Yesterday, I identified the continued weakness the Gold against US dollars was experiencing and wrote “Gold traded lower again today to lows of the week, bottoming so far at $1,331.93, after printing six-week highs of $1,356.85 on Tuesday. A bit of dollar strength prompted position squaring, which has seen the contract head back close to its 50-day SMA, currently at $1,331.48. The Daily technical indicators, continue to send bearish signals, indicating that the weakness in the market is not over yet……Given overall market nerves on trade, tech stocks, and geopolitics, including North Korea and Russia, dip buying can be expected to continue in XAUUSD. Hence a Short position in long term has been triggered at 1,335.60, with Targets at 1,326.40 and 1,316.30. Support comes art 1,343-1,348.00 area.” Hence on this entry, the 1st Target was hit, while the 2nd Target at 1,316.30 still holds.
The 2nd Target for he particular commodity, still holds, since weakness has been seen to persists today as well, with the asset remaining below the 20 and 50 DAY SMA. The Daily momentum indicators on the other hand, provide a mixed picture, since they remain close to the neutral zone. Meanwhile, in the shorter time-frame such as the 4-hour chart, XAUUSD is traded below all the 3 MAs, with Strong intra-day Resistance at the 200-period SMA, at 1,329.00. The momentum indicators continue to send bearish signals, as MACD turned negative overnight, Stochastic is moving within the oversold Territory and RSI flattered at 30s area.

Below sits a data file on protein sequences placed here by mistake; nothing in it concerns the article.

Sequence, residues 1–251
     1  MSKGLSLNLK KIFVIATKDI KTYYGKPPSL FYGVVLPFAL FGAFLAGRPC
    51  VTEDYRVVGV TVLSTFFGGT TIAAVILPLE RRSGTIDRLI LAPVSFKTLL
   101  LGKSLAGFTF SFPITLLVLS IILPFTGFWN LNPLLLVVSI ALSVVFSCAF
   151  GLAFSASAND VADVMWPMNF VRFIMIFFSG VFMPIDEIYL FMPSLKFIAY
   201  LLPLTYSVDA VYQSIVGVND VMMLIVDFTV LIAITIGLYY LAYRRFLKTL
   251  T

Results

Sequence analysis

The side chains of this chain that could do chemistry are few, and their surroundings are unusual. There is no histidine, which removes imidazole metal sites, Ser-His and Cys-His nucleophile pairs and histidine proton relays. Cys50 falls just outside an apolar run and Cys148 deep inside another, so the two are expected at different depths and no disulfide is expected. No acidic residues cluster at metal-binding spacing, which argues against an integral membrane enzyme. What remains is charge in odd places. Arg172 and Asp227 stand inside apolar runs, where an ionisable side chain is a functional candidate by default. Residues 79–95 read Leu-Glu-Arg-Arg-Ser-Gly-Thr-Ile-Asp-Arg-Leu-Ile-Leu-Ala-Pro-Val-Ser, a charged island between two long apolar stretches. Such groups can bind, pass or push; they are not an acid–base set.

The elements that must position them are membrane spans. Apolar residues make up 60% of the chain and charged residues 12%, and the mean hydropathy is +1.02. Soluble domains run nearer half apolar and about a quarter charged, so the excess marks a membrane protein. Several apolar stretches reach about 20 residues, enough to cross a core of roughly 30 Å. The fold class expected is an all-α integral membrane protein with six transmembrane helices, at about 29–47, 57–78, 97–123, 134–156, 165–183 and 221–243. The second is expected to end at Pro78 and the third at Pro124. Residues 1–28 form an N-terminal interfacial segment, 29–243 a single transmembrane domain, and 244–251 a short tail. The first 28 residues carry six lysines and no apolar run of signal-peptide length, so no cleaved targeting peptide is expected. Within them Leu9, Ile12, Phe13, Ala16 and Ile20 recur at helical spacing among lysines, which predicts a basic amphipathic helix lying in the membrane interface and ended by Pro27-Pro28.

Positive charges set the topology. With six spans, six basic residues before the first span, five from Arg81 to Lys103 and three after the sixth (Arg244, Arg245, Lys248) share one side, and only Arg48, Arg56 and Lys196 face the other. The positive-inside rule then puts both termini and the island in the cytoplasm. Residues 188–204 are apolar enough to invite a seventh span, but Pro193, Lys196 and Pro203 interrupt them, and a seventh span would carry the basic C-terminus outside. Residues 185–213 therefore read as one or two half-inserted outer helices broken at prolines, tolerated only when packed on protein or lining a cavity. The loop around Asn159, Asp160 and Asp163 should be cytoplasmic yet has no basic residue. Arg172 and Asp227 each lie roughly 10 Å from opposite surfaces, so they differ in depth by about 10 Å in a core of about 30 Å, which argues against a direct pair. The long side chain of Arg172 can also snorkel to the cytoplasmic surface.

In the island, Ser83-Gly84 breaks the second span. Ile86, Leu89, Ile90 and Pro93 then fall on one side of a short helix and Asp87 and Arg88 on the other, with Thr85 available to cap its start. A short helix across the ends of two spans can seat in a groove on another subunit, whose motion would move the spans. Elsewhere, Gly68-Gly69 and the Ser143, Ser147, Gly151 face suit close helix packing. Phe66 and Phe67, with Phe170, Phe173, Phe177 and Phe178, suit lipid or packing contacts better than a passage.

Hence despite the mixed data seen today out of US, the greenback remained steady against the most major currencies, but weak against Yen and Gold. The downdraft on Chicago PMI and downward revision on U. Michigan sentiment, left EURUSD at 1.2325, USDJPY around 106.30 and XAUUSD at 1,322.22. Wall Street remains higher, though off its best levels, while yields have stayed soft.
The Michigan sentiment surge to an downwardly-revised 14-year high of 101.4 (was 102.0) from 99.7 in February and 95.7 in January left us with the loftiest level since January of 2004, with a Michigan reading above prior peaks of 100.7 last October and 98.5 from January of 2017. At the same time, U.S. Chicago PMI dropped another 4.5 points to 57.4 in March after falling 3.8 points to 61.9 in February. This is a third consecutive decline for the index.
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